# About

This toolkit is supporting development of software based on or related to Hitchy (opens new window). It is temporarily running an instance of Hitchy in context of a given folder. Methods are exposed to control the Hitchy instance and for integrating it with a test runner as conveniently as possible.

The temporary Hitchy instance serves a project in a customizable or auto-detected folder or based on a map of strings describing files to write before starting Hitchy. Both options can be combined, too.

Last but not least, a CLI tool helps with fetching peer dependencies of your plugin.

# Installation

Always install this package as a development dependency:

npm i -D @hitchy/server-dev-tools

Dependencies of a plugin

A Hitchy plugin should never depend on Hitchy's core (opens new window) directly. It is fetched as a dependency of these server-dev-tools for testing purposes.

For production use, your plugin should mark @hitchy/core as a peer dependency:

{
    "peerDependencies": {
        "@hitchy/core": "*"
    }
}

# Usage

This toolkit expose methods for easily starting and stopping an instance of Hitchy in current process. You can pass options and arguments into started Hitchy application. In addition, you can customize testing environment via some additional options.

# Terminology

# Application vs. plugin

The toolkit is designed to support in two kinds of projects:

  • A Hitchy-based application depends on Hitchy's core to expose endpoints and to route client requests to associated handlers. An application is usually installed as-is.

  • A plugin for Hitchy extends functionality of Hitchy's core. It can be pulled by an application as another dependency. Thus, it is capable of running in context of different applications probably providing each one with a slightly different functionality.

# Folders

In every project, these distinguishable folders are expected:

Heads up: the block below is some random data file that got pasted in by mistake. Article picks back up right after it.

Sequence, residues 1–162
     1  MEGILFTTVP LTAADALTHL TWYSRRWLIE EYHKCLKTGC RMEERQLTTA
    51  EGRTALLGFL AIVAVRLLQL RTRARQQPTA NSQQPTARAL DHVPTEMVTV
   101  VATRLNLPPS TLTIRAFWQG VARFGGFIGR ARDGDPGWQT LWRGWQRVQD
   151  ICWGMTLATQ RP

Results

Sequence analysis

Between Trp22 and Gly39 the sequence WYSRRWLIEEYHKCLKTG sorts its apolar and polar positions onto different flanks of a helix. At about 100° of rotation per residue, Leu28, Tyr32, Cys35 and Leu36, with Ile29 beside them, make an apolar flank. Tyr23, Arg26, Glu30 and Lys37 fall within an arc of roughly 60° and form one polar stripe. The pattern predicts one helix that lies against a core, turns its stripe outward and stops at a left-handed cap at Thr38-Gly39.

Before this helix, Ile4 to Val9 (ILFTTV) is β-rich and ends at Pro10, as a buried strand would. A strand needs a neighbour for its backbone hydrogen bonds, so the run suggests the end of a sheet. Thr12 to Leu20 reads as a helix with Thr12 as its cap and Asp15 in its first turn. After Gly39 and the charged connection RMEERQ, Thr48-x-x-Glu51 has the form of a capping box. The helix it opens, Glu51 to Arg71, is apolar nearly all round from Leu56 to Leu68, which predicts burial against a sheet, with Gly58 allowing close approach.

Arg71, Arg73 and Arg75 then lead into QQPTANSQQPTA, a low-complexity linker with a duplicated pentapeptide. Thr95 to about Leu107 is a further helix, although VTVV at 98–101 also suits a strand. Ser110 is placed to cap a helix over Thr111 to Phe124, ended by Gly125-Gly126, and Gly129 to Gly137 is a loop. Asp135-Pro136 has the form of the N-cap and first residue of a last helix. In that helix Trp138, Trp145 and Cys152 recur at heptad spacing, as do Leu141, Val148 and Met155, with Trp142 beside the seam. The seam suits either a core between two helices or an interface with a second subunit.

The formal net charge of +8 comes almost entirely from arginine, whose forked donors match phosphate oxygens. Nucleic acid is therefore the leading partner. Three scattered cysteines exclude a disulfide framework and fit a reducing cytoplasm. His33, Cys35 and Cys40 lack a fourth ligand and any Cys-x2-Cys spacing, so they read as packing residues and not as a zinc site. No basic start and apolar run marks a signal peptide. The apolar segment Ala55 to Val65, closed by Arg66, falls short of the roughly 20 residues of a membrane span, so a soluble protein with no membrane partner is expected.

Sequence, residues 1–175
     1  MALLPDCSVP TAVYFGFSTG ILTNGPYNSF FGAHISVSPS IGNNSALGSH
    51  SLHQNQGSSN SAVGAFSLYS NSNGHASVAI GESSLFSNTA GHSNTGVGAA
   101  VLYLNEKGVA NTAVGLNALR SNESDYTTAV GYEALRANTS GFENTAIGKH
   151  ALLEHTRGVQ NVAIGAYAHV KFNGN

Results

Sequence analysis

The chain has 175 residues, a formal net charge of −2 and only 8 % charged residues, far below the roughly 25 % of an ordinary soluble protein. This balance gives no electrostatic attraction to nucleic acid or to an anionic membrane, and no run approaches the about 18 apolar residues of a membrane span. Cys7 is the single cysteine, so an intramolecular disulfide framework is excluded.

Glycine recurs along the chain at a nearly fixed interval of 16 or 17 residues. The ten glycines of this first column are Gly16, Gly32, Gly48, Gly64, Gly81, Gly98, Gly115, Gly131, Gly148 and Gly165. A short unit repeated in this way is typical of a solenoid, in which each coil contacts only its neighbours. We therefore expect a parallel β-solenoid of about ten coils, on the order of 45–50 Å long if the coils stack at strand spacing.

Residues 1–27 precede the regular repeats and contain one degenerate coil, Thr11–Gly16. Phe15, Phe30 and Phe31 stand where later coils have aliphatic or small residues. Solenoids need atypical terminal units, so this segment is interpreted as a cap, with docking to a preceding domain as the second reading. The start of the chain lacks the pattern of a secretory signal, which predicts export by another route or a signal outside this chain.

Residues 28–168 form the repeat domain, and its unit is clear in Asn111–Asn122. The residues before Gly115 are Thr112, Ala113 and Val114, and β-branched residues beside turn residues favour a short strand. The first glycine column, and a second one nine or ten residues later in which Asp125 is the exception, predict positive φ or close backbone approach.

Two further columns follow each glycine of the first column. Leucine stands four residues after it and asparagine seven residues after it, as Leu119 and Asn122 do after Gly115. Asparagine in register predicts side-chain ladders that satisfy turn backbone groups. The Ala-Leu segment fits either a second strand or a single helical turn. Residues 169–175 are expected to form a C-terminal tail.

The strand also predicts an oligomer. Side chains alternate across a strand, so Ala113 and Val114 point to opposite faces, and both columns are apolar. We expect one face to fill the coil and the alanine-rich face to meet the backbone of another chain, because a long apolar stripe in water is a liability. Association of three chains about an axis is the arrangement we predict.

• The project folder contains a Hitchy-based application's implementation. It usually consists of folders named config, api/controllers, api/policies etc.

  • The plugins folder consists of a node_modules sub-folder listing dependencies of your application. It is used by Hitchy to discover plugins.

Both folders are usually identical, but may be different, too. The latter applies to test projects used for testing plugins or to application projects combining client-side code with server-side code (opens new window).

Breaking change of names 0.4.0+

In recent versions, the naming of options picking folders has changed several times. However, their latest names haven't been as sound as desired, either. By introducing auto-discovery of folders, names have been reduced again, causing some of them returning to their previous versions.

# Auto-discovering folders 0.3.0+

This toolkit is designed to work out of the box in most use cases by automatically discovering project folder and plugins folder unless configured explicitly.

Auto-discovery often depends on folder containing current test. This file is the one importing @hitchy/server-dev-tools to use exposed methods for starting Hitchy instance.

# Discovering project folder

For discovering projectFolder, closest parent folder satisfying these rules is picked:

  1. It contains a package.json file.
  2. It does not contain a hitchy.json file (thus it is the root of an application).
  3. The package.json file is declaring @hitchy/server-dev-tools as a development dependency.

Starting from there, the sub-folder solely containing at least one of the sub-folders config/, api/controllers/, api/policies/, api/models/ or api/services/ is used as resulting project folder. Discovering project folder fails if there are multiple sub-folders matching this criterion.

Disabling auto-discovery

Auto-discovery of project folder can be disabled explicitly by either

# Discovering plugins folder

pluginsFolder is discovered after probable discovery of projectFolder.